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The source of Colorado’s high country housing crisis: a doubling of home prices and sales

The dollars spent on homes in six Colorado mountain counties has doubled since 2019, triggering a high country housing crisis.

Real estate sales volume in Pitkin County, home to Aspen, surpassed $4.5 billion in 2021, up 153% from 2019. (Hugh Carey, The Colorado Sun)
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The rules are changing in the high country. As the labor crisis lingers, community leaders are beginning to address the root cause of the challenges that are strangling mountain valleys. They are cracking down on short-term rentals. Redirecting the flow of tax dollars toward affordable housing. Adjusting economies anchored in tourism to focus on residents, not just visitors. 

Here are two graphs that explain the why behind the frantic scramble in Colorado’s mountain towns. It all boils down to one thing: buyers are spending huge for homes in the hills. 

The amount spent on real estate in six of Colorado’s resort-anchored counties doubled from 2019 to 2021. Average prices in Eagle, Grand, Pitkin, Routt, Summit and San Miguel in 2021 were up 57% from 2019. 

This is an unprecedented frenzy. It’s hard to think of another multibillion-dollar industry in Colorado that doubled in value in two years. Ever. And it’s not really slowing down. As the supply of homes for sale dwindles there has been a slight easing of the pace. But not the prices.

Jim Renshaw, Land Title Guarantee Co.’s head of marketing, called the end-of-2021 statistics “jaw-dropping.” What’s most interesting to Renshaw? For the first time in these communities, buyers with cash outnumbered buyers with loans. (For example, in Pitkin County, 68% of all the 1,203 transactions recorded in 2021 were cash, including 25 deals for properties worth more than $20 million. Whoa.)

“Being a buyer in the market is extremely discouraging because we are seeing more and more people bringing cash offers at over list price which typically wins over an offer with a loan,” said Courtney Peroutka, a broker based in Fairplay. 

Renshaw said his team’s early numbers for 2022 indicate demand for mountain homes remains high and prices are climbing even higher. 

“From the Land Title side, we continue to see orders despite incredibly low inventory,” he said. “It will be interesting to watch what happens with world events and global economies in terms of the impact on second home purchases.”

(Global events – like the war in Ukraine – seem to be spiking sales and prices in Aspen, where sellers are taking advantage of a record-low inventory and flipping properties in mere months for millions.)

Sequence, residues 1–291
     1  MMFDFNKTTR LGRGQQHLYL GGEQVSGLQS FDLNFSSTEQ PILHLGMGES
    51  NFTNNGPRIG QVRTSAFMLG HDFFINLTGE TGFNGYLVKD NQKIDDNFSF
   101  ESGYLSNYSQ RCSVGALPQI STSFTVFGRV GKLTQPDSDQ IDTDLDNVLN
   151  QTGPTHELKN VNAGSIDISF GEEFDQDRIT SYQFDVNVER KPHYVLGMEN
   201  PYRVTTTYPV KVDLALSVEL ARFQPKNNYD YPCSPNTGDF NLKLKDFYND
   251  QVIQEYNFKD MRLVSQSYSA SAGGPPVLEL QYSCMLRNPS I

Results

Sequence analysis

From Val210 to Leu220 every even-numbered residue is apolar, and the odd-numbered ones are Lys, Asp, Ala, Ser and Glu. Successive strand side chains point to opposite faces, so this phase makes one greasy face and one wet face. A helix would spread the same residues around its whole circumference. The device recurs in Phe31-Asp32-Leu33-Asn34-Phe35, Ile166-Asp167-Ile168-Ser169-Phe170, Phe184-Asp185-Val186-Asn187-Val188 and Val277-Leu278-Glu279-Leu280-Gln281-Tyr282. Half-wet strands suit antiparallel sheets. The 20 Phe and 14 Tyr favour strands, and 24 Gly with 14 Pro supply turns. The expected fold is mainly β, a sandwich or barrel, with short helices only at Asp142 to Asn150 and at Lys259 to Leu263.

Name a problem in the high country right now and the challenges trace back to housing. The late school bus? Housing. The lines at the ski area? Housing. Soaring rents, absentee neighbors, more investment homes, slow local government, record-high home prices in communities 100 miles from a ski hill? Housing. 

Land Title tracks where buyers in mountain towns are coming from. The lowest numbers of local buyers in the last decade for the six resort counties were logged in 2020 and 2021. That’s because locals are selling, not buying. And when locals sell, they leave, triggering a cultural shift that could forever change the make-up of Colorado’s mountain towns.

There are a bunch of innovative and aggressive programs underway in Colorado’s high country right now as communities maneuver in the exploding real estate market that is rejecting working residents. 

  • Telluride and San Miguel County are buying 105 acres to build a community for locals 6 miles from Main Street. 
  • Aspen has rejiggered its entire approach to tourism, arguing that the city’s billion-dollar tourism industry “needs to reflect on how Aspen can survive its reputation economically (unhappy residents pose enormous business risks), socially (gentrifcation and seasonal impacts), environmentally (visitor pressure), and even existentially (losing its soul),” reads the new Aspen Destination Management Plan for 2022 through 2027.
  • Many communities are abandoning traditional tourism marketing, marking a seismic shift for economies built around catering to visitors.
  • A single anonymous donor in Steamboat Springs has given $29 million so the local housing authority can buy ranchland and develop affordable homes for locals.

Watch for a tsunami of reporting this summer as communities make dramatic shifts to keep residents living near jobs. And remember these real estate numbers. This is the reason behind it all.



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